My life has been about self sacrificing
Over giving
Being a doormat
Serving
Taking responsibility for what is not my “issh”
Jumping into battles not my own
People pleasing
Playing Messiah
Getting busy
Fixing everything/everyone around
As it is easier to look at the other; rather than the self

Plenty toxic friendships and one sided relationships Abi…why shouldn’t I thank my maker when crumbs is thrown my way? after all love is work…

Biko, Who needs a doormat?

They took everything from me
Gave me this rage that consumes
me day and night…Anger became my only fortress

Fight, flight or freeze
Hiding and avoidant
I wanted to end this suffering by keeping my inner child in a deep place inside, and staying as far away as possible. But, running away doesn’t end this suffering; it only prolongs it.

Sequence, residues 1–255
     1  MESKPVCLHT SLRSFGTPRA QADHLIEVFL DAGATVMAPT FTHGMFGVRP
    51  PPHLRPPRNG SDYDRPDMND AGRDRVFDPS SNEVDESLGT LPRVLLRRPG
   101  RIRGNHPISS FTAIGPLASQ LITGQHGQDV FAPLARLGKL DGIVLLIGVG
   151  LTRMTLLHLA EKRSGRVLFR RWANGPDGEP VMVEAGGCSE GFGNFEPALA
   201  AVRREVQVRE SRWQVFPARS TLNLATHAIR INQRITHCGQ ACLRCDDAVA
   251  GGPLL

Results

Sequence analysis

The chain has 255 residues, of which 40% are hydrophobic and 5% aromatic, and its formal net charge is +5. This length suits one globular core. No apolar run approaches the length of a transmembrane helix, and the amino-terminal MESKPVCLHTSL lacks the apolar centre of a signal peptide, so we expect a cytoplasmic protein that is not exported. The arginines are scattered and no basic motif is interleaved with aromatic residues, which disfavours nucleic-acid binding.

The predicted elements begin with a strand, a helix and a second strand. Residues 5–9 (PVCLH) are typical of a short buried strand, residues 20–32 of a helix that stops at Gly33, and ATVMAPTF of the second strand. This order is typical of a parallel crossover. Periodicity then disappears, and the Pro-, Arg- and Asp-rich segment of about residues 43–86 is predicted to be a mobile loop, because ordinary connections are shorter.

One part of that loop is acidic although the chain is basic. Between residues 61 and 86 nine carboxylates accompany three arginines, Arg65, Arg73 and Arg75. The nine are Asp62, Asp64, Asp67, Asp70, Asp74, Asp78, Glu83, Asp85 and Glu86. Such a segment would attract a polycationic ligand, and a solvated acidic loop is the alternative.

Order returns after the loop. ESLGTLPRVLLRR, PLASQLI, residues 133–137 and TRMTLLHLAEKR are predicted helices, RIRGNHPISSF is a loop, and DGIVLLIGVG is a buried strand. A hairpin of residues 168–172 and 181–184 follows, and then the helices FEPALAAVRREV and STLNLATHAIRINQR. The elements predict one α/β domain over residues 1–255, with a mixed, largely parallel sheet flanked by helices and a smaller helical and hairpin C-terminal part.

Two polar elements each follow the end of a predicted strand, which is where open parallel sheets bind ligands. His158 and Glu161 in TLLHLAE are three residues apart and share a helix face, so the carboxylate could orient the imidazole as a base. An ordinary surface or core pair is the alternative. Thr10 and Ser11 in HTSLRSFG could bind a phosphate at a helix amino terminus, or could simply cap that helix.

So much weight my soul is weary

25 years after, 2 days ago
I took a cathartic journey back in time
to where I grew up in Ibadan
I went by every freaking house I was abused
To pick up the bits of me I buried there.
To reclaim my life
To find the cure for this disease
I’ve had to live with it

The hardest part; to forgive
To forgive all you “mofos”

So I can finally stop clinging to everything
that abuses, torture and drains me
So I can finally stop running
away from healthy love
( as I always find it strange)

I am breaking away!!!
Now I know I deserve better than a sick life
I am worthy
It was never my fault
And I am lovable 💚

Hey, Adéọlá, I am so so sorry.
I am coming back home to you.

It’s closure time.

26166793_10215062681904389_345533380904293351_nAdeola Olagunju is an artist and photographer. She lives and works in the universe.

Reproductive Health and Rights: A series of interview with women living in low-income communities(III)